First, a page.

I would think the GAO would have some leverage if only there were legislation to give them that.

     

    reply to this | link to this | view in thread ]

  46.  
    identicon
    Stephen Pollei, Oct 1st, 2011 @ 12:32pm

    whitehouse petition

     

    reply to this | link to this | view in thread ]

  47.  
    identicon
    Just another Amerikan, Oct 1st, 2011 @ 1:20pm

    Re:

    So, according to John B, the US President does not have to follow the Constitution or any US laws when it comes to international matters? Thatís funny; I thought that the President had to say some kind of oath affirming that he will PRESERVE, PROTECT, and DEFEND the Constitution of the United States. However, this explains why the President can execute an American citizen with a drone strike in Yemen for simply exercising his right to free speech. This has become a very scary country under Obama. Exercise your right to free speech as long as you say what his party wants you to say, question him or speak out against him and you will be executed without due process. Just like the Affordable Care Act showed, there is no longer a need to follow the US Constitution. The President can do whatever he wants, whenever he wants. Execute as many Americans as he pleases, enter into any agreements with any country he chooses. Give away public lands to China in order to pay back debt. No man made laws can bind him, he is the Messiah. I hope the extreme left is happy with the monster that they have created. Anyone see bank stocks lately? I think itís time for another huge bank bailout so that CEOís can get their 30 million dollar bonuses, canít expect them to get by on just 15 or 20 million dollars!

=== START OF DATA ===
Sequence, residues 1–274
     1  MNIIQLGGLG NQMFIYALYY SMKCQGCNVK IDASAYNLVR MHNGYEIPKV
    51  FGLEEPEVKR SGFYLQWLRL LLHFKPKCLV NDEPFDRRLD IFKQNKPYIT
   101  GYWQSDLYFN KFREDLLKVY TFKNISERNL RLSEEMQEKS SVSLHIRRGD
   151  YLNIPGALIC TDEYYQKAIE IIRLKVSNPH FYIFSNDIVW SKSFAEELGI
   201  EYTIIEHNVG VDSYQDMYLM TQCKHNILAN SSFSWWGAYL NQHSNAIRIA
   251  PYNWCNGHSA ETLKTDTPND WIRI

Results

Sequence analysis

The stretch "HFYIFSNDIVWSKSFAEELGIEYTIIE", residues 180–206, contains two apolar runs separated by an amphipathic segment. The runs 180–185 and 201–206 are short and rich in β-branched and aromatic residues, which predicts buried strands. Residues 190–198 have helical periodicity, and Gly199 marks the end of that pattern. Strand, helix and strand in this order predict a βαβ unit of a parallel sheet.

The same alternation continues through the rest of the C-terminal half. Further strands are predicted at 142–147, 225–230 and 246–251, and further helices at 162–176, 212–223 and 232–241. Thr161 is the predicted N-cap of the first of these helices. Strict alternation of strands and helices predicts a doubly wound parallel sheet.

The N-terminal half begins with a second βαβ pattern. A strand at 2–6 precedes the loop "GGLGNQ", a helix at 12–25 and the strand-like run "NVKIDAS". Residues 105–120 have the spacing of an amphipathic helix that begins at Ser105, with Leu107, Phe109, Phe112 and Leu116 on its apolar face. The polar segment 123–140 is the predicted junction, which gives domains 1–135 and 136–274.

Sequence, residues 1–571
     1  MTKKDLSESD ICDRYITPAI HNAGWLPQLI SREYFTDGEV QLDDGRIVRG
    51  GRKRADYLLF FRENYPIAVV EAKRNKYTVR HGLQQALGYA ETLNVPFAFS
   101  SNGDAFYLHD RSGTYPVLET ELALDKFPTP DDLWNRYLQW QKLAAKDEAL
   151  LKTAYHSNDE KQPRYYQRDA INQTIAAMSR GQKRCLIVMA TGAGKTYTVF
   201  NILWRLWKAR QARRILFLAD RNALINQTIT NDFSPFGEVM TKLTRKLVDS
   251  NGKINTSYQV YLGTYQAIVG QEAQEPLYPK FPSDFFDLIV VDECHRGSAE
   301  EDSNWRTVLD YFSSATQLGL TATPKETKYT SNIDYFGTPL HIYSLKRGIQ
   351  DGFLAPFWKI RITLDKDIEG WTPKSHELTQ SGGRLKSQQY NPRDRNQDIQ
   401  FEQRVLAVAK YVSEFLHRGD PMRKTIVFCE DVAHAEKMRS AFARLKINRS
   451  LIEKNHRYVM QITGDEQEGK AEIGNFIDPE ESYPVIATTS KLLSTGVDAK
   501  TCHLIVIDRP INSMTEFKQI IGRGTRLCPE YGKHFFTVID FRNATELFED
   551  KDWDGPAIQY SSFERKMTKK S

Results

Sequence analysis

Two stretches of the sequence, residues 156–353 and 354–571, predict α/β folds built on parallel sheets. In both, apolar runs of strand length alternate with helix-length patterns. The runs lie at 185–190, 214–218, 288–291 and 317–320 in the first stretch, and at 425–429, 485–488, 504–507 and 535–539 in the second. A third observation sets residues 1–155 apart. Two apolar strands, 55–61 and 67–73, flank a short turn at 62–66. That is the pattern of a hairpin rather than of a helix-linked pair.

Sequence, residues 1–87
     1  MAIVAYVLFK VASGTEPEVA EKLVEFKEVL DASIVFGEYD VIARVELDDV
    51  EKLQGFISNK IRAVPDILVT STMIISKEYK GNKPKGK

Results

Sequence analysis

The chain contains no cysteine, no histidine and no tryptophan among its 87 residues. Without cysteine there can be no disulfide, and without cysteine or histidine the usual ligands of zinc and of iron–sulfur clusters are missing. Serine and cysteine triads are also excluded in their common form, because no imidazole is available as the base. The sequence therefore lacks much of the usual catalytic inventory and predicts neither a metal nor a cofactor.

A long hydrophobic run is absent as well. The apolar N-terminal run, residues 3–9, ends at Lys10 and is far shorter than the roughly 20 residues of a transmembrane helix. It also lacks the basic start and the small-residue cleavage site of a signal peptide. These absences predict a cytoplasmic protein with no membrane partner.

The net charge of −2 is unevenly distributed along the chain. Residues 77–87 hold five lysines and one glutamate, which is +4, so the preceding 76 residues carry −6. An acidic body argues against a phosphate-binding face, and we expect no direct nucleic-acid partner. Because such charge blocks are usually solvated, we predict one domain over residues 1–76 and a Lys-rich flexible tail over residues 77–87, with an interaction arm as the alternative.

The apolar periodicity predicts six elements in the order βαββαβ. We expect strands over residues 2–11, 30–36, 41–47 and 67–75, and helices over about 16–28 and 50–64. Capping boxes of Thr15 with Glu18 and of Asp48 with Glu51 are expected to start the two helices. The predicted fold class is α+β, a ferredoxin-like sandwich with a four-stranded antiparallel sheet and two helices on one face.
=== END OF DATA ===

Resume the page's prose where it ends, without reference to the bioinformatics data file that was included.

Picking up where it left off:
reply to this | link to this | view in thread ]

  48.  
    identicon
    Daemon_zogg, Oct 1st, 2011 @ 4:27pm

    Obama Administration To Use ACTA Signing Statement To Defend Why It Can Ignore The Constitution...

    One step closer to communism. OH WAIT! We're ALREADY THERE! Sorry. I was temporarily blinded by the glare from the corporate lobbyists brain-washing the US congressmen and congresswomen with bribes. And promises of high-income jobs when their term is over. You remember, the ones that were supposed to represent the constituents that sort of, well you know, voted for them. I love democracy. It's the US government, I hate. };P>

     

    reply to this | link to this | view in thread ]

  49.  
    identicon
    Anonymous Coward, Oct 1st, 2011 @ 4:35pm

    Maybe it time to start the empeachment hearings.